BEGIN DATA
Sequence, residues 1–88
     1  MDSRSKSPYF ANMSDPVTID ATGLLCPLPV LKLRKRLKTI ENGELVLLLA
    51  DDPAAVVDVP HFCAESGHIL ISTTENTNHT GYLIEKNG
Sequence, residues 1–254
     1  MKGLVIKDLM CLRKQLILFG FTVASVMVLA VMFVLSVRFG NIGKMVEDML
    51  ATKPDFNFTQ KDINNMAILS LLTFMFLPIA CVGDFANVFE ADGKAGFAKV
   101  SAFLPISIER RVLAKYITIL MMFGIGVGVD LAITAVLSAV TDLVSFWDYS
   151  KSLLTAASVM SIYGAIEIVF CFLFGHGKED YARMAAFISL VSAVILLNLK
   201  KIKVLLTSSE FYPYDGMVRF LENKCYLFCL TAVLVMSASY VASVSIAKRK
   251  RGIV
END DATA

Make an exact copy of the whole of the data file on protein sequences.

Sequence, residues 1–88
     1  MDSRSKSPYF ANMSDPVTID ATGLLCPLPV LKLRKRLKTI ENGELVLLLA
    51  DDPAAVVDVP HFCAESGHIL ISTTENTNHT GYLIEKNG
Sequence, residues 1–254
     1  MKGLVIKDLM CLRKQLILFG FTVASVMVLA VMFVLSVRFG NIGKMVEDML
    51  ATKPDFNFTQ KDINNMAILS LLTFMFLPIA CVGDFANVFE ADGKAGFAKV
   101  SAFLPISIER RVLAKYITIL MMFGIGVGVD LAITAVLSAV TDLVSFWDYS
   151  KSLLTAASVM SIYGAIEIVF CFLFGHGKED YARMAAFISL VSAVILLNLK
   201  KIKVLLTSSE FYPYDGMVRF LENKCYLFCL TAVLVMSASY VASVSIAKRK
   251  RGIV